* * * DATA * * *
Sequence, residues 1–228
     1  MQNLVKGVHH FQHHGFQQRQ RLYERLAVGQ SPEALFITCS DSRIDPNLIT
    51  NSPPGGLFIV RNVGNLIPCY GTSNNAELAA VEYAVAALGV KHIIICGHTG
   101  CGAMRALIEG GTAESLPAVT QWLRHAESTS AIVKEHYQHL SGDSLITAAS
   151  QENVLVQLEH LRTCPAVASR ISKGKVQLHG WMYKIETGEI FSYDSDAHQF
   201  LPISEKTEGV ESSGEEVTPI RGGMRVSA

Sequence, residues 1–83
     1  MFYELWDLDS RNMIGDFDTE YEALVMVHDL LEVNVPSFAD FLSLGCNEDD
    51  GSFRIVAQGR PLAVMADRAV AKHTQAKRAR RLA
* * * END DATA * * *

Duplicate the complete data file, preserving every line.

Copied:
Sequence, residues 1–228
     1  MQNLVKGVHH FQHHGFQQRQ RLYERLAVGQ SPEALFITCS DSRIDPNLIT
    51  NSPPGGLFIV RNVGNLIPCY GTSNNAELAA VEYAVAALGV KHIIICGHTG
   101  CGAMRALIEG GTAESLPAVT QWLRHAESTS AIVKEHYQHL SGDSLITAAS
   151  QENVLVQLEH LRTCPAVASR ISKGKVQLHG WMYKIETGEI FSYDSDAHQF
   201  LPISEKTEGV ESSGEEVTPI RGGMRVSA

Sequence, residues 1–83
     1  MFYELWDLDS RNMIGDFDTE YEALVMVHDL LEVNVPSFAD FLSLGCNEDD
    51  GSFRIVAQGR PLAVMADRAV AKHTQAKRAR RLA